A History of Unusual Thanksgivings

by nyljaouadi1
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Happy Thanksgiving.

This year’s holiday is more normal than last year’s, before the Covid vaccines had arrived. But it still is unusual for many families, involving some combination of antigen tests, outdoor meals (where the weather allows) and underlying anxiety.

With that mind, my colleagues and I put together a brief history of Thanksgiving celebrations since the 1850s, focusing on unusual years like this one. Farther down in today’s newsletter, you’ll also find last-minute cooking tips, suggestions for holiday television and more.

However you spend the day, we hope it’s a good one. We want to say thanks specifically to two groups of people: first, to everybody who’s working today (including our colleagues putting out The Times and delivering the print edition); and, second, to all of you — the readers of The Morning. We are grateful that you make time in your day for this newsletter.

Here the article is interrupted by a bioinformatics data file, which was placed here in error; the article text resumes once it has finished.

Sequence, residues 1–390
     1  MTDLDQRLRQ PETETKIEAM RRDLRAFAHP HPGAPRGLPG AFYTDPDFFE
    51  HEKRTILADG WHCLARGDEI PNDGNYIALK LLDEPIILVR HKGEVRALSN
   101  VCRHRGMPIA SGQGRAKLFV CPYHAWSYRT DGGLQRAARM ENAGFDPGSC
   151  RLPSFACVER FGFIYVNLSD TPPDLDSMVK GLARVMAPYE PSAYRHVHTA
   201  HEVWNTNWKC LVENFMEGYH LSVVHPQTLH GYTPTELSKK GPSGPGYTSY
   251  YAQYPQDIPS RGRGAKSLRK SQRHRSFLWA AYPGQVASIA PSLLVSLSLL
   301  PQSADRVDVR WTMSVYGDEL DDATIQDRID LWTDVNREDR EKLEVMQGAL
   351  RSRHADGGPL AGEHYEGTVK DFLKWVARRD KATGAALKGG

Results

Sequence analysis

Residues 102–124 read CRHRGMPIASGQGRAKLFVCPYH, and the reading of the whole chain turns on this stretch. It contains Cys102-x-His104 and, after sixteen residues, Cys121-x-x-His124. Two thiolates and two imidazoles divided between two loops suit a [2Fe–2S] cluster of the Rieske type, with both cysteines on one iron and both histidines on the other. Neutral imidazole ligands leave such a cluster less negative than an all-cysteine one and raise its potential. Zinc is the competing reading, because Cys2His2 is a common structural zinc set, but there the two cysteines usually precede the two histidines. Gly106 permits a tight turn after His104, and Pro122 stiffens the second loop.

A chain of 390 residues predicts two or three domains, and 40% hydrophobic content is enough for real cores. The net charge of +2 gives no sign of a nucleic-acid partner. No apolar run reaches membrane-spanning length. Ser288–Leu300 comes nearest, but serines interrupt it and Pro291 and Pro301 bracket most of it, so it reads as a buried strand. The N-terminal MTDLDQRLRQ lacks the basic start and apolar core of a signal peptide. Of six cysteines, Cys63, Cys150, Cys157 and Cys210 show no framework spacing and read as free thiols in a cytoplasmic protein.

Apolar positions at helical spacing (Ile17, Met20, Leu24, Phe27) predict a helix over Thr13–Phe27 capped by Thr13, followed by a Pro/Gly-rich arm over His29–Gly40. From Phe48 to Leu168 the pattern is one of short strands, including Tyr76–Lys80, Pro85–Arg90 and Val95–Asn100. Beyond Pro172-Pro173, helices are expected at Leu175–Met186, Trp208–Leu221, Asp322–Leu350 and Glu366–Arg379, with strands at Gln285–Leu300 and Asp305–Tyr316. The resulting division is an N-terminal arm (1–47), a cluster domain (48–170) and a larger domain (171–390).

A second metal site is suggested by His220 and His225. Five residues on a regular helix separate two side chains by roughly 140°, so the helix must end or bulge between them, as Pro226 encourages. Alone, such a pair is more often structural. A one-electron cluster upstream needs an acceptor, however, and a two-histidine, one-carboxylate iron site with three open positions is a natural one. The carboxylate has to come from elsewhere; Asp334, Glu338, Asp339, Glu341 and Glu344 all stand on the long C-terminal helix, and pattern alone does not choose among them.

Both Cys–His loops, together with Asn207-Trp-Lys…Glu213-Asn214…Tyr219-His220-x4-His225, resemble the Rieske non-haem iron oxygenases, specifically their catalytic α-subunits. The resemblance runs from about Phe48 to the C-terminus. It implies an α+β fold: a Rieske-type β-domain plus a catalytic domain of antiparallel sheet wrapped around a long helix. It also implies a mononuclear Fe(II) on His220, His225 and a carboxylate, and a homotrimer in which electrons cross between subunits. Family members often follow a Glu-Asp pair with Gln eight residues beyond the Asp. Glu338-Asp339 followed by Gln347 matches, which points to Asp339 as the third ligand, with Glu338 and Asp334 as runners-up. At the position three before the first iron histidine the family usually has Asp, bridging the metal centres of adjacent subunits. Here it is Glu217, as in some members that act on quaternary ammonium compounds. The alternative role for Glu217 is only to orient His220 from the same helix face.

The first appearance of the word “thanksgiving” in The Times digital archives — which go back to 1851 — did not refer to the holiday. It instead was a reference on Oct. 4, 1851, to “an appropriate prayer and thanksgiving” from a reverend at the opening of the Queens County’s annual agricultural exhibition.

The Covid-19 pandemic arguably caused a bigger break in Thanksgiving traditions than anything that came before. Since Lincoln’s proclamation, even during war, depression and tragedy, most Americans still found ways to gather with family and friends for a holiday meal.

But the threat from a pandemic — better understood in 2020 than it had been in 1918 — caused many people to stay home last year.



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